Finding Google’s copying a fair use, the Supreme Court ended Oracle’s decade-long attempt to recover copyright damages.  The battle began between these tech giants when Google designed its Android software platform for mobile devices, such as smartphones.  The platform allows “computer programmers to develop new programs and applications” for Android-based devices.  In designing the mobile platform, Google independently developed most of the code but copied what the parties referred to as “declaring code” for 37 application programming interfaces, or APIs.  The declaring code in APIs “enables a set of shortcuts for programmers.”  A programmer can select a particular task from the API’s task library without having to learn anything more than a simple command, thus allowing the programmer to use a library of prewritten code to carry out complex tasks without having to write the code from scratch.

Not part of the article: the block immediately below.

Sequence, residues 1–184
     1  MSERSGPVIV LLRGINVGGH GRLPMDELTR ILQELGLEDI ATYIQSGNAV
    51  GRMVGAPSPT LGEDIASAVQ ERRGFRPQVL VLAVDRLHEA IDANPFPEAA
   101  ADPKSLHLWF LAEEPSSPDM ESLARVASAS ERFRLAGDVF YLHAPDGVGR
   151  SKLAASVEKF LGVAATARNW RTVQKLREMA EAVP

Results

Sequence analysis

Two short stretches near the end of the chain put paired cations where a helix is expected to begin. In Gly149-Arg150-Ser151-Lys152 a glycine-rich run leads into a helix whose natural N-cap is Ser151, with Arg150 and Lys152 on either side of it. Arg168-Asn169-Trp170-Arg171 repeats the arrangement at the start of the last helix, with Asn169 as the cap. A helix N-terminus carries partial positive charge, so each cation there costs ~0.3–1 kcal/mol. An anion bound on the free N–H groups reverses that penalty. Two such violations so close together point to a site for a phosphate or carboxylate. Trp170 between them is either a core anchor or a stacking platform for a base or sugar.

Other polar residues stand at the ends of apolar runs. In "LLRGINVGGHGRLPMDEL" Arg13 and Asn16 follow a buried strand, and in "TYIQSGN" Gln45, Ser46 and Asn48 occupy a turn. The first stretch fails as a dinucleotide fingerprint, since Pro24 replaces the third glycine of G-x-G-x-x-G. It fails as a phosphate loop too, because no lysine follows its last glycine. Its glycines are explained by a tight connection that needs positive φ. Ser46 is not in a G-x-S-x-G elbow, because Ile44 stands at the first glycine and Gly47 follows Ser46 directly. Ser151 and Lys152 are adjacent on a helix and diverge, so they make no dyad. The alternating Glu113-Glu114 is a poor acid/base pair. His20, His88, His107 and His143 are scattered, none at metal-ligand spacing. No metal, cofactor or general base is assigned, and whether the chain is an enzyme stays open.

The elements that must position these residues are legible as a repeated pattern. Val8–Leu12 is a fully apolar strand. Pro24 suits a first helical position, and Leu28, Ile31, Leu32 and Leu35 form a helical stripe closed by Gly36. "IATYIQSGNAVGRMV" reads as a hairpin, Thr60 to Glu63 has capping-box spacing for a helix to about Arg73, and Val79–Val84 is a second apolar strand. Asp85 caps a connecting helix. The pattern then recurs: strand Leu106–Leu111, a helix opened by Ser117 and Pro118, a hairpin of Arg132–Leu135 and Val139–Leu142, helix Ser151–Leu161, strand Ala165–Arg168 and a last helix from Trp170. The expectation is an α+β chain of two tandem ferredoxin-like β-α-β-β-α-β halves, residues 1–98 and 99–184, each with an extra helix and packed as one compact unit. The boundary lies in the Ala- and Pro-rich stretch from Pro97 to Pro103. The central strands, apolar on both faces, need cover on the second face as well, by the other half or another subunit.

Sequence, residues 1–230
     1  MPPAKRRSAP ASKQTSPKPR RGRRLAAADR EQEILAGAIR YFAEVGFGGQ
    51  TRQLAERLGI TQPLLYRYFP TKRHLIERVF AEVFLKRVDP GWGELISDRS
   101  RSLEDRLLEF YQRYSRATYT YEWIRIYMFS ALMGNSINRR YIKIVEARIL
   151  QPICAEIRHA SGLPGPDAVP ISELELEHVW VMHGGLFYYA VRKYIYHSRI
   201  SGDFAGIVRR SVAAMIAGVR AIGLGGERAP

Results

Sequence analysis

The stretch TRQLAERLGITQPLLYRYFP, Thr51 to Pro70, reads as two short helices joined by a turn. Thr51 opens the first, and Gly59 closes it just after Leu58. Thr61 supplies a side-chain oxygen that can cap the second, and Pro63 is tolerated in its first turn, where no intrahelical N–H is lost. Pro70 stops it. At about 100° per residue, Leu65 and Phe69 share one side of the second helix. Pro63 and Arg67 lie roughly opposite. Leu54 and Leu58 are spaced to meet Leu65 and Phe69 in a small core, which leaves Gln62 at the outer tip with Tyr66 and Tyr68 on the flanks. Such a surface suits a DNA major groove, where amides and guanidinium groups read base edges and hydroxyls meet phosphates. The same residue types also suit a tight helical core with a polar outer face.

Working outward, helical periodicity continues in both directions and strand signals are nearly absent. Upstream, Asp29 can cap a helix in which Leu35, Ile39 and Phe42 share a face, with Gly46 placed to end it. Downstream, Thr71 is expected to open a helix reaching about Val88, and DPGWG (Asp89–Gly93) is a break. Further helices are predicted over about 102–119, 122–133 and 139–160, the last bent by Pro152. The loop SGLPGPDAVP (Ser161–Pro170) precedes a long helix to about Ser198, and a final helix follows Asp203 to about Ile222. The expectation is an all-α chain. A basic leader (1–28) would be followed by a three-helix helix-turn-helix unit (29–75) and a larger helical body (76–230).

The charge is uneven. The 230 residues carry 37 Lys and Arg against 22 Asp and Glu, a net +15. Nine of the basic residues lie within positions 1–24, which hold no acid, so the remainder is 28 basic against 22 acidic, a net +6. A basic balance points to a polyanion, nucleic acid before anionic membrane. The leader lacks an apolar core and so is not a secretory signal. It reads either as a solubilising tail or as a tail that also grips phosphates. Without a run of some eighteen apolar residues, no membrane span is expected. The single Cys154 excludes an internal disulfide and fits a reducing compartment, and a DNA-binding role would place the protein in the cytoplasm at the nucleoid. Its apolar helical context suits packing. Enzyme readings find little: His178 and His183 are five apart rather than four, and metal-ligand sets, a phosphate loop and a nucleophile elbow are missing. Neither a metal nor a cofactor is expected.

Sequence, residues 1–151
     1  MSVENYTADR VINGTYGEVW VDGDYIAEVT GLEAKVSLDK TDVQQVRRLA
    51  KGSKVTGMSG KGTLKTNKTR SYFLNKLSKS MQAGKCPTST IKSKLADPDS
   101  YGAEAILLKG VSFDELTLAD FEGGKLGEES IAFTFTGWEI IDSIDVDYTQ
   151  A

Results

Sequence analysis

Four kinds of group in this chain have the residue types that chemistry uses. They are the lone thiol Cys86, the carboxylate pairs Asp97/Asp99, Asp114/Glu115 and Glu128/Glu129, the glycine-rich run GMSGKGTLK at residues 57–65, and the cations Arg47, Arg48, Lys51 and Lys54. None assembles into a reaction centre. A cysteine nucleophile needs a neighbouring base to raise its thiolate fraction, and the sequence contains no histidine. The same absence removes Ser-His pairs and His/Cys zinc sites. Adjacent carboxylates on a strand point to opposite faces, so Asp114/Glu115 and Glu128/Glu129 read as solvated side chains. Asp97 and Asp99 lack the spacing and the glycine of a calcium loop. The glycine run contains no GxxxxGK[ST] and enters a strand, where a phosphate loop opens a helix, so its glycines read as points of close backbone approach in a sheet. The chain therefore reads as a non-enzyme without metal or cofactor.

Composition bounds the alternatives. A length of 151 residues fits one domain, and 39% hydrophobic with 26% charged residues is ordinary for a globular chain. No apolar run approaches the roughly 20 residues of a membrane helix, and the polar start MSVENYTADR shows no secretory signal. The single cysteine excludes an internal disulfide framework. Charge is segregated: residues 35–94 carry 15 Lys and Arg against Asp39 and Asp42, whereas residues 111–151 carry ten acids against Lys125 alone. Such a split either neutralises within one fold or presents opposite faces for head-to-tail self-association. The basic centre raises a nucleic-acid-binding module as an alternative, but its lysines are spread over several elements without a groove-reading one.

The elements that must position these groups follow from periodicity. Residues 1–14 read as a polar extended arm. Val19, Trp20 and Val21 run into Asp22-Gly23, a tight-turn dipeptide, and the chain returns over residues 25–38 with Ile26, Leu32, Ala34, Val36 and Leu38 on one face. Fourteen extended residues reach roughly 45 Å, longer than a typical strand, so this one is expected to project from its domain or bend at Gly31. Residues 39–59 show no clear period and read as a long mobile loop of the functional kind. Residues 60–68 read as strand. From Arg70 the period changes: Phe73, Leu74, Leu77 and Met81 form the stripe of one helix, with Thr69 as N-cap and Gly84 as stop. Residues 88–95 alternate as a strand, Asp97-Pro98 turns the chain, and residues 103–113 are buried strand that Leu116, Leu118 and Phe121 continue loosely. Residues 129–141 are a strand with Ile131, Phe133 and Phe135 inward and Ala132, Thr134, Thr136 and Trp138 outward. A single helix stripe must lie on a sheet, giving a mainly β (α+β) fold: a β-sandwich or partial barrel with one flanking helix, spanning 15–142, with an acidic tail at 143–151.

At the time Google was developing the Android platform, many software developers were using Sun Microsystems’ Java programming language and its popular Java SE platform.  Oracle, shortly after acquiring Sun Microsystems in 2010, accused Google of taking critical portions of the APIs in the Java code for unauthorized use in its Android platform.  While Google independently developed the underlying code for the tasks, Google copied the declaring code for certain tasks “useful to programmers working on applications for mobile devices.”  “Without that copying, programmers would need to learn an entirely new system to call up the same tasks.”  With the “structure, sequence, and organization” of the APIs so similar, Oracle alleged Google infringed its copyrights.
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